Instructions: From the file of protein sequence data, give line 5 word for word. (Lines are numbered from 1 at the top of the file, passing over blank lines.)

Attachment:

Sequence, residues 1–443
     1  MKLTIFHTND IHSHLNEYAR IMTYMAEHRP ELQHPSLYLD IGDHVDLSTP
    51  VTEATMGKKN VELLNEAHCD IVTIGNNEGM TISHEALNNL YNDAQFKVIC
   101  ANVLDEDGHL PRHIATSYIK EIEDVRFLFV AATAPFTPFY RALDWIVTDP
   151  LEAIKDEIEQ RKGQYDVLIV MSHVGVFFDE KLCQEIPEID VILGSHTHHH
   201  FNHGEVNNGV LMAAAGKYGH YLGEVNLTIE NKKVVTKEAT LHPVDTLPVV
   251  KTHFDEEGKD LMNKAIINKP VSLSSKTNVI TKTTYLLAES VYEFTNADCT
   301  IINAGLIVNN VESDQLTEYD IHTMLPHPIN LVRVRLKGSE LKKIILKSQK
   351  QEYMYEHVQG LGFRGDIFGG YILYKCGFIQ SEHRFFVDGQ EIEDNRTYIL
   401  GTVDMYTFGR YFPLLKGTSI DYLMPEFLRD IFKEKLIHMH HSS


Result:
   151  LEAIKDEIEQ RKGQYDVLIV MSHVGVFFDE KLCQEIPEID VILGSHTHHH